St Mark’s Church, in Mansfield, is a member of the Inclusive Church Network.
A couple of years ago our church council voted unanimously for this. It means we believe the church should not discriminate, on any level, on grounds of economic power, gender, mental health, physical ability, race or sexuality.
One of the gifts that churches bring to their neighbourhoods is that we are made of people who are very different from each other.
Our worship and traditions—and some of our values—hold us together, but we are black, white, rich, poor, old, young, gay, straight, and pretty much every colour of the rainbow in between.
It’s one of the reasons why new people at church often feel so at home—you can’t be the odd one out because we’re such a mixed bag already.
Being an Inclusive Church is easy to sign up to but harder to practice. I find it especially difficult because, as a straight, white, middle class, able-bodied and mentally stable man, I don’t have any experience of what it means to feel left out or powerless through not being these things. There is an ancient Chinese saying that you should never ask a fish to explain what water is. Well, don’t ask a straight white guy to describe privilege. I’m so immersed in it I don’t really know any different.
So being an Inclusive Church is hard because we don’t always realise it when we’re excluding others and need reminding. It’s also not easy being an Inclusive Church because the Church of England—at an institutional level—is as sexist and homophobic as many other institutions. Sometimes those prejudices are even written into law!
It continues to baffle me that we ‘get away with’ discriminating against same-sex couples. In fact, despite the fact that there are happily married same-sex couples at St Mark’s Church, I am only legally licensed to marry opposite-sex couples. So I’m no more able to break the rules for them than I am to jump over the church roof.
We celebrate their love and commitment in public, and proudly, but I long for the day when I can sign the marriage documents myself. That day will surely come. Of course not all same-sex couples like the idea of same-sex marriage—we shouldn’t generalise—but for those who do...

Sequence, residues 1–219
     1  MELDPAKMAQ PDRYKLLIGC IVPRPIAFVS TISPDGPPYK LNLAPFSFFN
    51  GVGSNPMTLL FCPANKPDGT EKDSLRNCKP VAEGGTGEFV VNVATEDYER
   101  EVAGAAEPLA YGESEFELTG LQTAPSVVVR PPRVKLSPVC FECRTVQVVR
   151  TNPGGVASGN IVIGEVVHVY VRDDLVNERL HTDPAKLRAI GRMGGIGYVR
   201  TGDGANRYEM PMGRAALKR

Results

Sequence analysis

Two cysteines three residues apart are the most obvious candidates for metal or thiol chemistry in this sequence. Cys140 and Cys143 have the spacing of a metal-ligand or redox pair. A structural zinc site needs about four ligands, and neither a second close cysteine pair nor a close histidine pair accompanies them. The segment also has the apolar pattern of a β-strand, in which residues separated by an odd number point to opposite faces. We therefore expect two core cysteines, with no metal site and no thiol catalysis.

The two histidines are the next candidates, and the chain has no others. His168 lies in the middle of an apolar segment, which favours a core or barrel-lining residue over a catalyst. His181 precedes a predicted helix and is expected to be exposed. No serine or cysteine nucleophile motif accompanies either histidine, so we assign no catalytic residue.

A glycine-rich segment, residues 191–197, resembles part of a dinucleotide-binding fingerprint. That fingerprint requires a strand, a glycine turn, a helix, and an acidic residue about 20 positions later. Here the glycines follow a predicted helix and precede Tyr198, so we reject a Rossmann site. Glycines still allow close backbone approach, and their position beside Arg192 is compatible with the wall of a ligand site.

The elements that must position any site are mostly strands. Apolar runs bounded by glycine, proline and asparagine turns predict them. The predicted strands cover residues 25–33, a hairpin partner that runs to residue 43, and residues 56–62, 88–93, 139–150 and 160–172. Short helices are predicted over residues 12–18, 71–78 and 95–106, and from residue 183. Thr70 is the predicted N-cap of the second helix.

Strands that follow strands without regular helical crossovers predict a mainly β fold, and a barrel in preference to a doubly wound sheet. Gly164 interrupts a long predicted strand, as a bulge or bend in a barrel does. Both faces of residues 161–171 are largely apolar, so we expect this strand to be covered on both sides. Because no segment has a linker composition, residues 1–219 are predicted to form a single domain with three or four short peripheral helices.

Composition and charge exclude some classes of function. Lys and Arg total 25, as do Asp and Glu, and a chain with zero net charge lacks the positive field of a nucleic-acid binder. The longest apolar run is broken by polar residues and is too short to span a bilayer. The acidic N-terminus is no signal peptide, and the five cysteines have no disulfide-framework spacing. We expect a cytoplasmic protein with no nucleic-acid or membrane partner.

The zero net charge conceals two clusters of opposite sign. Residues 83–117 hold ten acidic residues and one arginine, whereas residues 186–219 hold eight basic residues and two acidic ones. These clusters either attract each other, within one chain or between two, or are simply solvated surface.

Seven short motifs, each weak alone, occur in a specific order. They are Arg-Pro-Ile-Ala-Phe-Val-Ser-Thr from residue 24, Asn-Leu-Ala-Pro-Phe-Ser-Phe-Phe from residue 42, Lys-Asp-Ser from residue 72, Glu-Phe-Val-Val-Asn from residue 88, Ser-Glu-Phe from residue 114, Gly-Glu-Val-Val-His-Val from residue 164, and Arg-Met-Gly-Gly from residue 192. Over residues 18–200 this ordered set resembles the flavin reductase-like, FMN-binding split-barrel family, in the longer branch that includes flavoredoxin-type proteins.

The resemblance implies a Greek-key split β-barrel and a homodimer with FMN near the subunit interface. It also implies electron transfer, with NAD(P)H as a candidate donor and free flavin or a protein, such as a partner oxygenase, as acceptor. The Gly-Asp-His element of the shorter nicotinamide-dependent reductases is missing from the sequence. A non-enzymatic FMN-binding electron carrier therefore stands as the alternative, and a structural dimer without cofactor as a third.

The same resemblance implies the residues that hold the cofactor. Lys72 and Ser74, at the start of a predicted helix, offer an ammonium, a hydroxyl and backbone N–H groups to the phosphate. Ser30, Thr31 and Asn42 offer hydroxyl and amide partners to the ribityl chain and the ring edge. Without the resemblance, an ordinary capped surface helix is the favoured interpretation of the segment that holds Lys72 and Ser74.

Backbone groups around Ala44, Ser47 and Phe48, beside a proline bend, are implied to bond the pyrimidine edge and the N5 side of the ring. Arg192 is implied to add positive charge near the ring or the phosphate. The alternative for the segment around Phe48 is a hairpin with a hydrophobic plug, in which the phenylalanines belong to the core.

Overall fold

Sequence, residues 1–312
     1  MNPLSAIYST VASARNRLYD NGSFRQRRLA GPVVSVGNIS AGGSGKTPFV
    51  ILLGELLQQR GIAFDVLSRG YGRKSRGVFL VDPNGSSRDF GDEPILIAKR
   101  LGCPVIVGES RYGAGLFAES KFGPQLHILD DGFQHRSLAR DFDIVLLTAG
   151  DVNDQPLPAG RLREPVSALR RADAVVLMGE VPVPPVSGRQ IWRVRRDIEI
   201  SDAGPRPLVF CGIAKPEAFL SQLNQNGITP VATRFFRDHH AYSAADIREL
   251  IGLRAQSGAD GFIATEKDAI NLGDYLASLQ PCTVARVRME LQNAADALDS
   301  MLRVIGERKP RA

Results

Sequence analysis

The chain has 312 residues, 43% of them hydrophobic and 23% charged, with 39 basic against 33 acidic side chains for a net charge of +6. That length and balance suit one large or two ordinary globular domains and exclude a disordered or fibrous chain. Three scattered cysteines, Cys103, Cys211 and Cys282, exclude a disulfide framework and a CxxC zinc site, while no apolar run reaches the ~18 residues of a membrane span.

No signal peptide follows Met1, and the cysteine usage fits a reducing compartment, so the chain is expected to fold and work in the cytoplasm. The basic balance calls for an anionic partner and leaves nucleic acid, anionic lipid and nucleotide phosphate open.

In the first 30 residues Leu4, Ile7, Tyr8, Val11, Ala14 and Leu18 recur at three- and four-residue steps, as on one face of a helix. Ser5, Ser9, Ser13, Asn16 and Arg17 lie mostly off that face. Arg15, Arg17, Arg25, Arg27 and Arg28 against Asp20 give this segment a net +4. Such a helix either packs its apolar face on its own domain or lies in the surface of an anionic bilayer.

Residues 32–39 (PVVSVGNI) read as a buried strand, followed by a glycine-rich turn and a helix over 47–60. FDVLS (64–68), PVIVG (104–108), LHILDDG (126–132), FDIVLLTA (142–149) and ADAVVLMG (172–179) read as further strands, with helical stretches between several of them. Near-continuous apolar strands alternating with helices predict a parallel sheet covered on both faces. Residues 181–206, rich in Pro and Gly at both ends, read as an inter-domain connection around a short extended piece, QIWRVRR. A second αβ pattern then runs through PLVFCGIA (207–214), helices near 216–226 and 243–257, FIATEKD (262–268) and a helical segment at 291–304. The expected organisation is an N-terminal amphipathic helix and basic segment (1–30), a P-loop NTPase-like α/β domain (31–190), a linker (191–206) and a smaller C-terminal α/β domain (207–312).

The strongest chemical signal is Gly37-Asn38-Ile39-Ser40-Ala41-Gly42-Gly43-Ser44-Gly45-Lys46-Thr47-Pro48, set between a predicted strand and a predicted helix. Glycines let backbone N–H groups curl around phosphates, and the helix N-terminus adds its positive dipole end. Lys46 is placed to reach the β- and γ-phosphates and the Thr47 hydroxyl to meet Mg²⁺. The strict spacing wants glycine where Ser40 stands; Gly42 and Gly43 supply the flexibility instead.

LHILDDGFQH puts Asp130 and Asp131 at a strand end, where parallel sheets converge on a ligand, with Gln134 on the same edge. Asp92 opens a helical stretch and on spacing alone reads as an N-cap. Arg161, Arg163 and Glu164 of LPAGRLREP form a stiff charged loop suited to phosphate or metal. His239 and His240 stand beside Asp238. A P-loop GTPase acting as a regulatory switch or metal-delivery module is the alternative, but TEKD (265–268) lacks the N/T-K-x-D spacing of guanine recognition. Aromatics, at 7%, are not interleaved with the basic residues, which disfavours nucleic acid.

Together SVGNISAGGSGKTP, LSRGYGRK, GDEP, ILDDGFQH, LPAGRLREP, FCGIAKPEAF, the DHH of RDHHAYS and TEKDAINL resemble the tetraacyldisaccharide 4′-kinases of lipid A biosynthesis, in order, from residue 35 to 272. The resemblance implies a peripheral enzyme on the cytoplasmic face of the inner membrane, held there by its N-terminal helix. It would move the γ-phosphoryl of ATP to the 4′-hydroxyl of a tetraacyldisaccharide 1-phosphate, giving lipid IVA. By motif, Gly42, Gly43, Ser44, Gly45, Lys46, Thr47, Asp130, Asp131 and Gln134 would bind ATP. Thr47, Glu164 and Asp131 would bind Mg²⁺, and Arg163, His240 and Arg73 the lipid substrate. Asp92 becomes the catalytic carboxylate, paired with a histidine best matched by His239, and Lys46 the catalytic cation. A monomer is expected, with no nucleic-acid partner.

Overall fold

It’s also difficult to be an Inclusive Church when your building is beautiful but was built so long ago. Most of our buildings are fully accessible but we have small areas that still are not—try getting your wheelchair up to where the choir sit, for example.
In a few months we’re going to have some Bible study groups where we will spend four weeks listening to stories from people from around the country who are disabled, and seeing what their experiences—in the light of our faith—can teach us about how we can do better at being an Inclusive Church.
We’re bound to get it wrong at least as much as we get it right but our hearts are in the right place, I believe, and we hope and pray that we will be transformed by the renewing of our minds too.
Perhaps you are a member of a church, mosque, members’ club, or other institution and you’ve been wondering how inclusive your community’s welcome is? Perhaps you’ve started on this journey yourselves?
If so, I would love to hear from you on via the Chad letters page. Stories of lives changed are life-changing stories.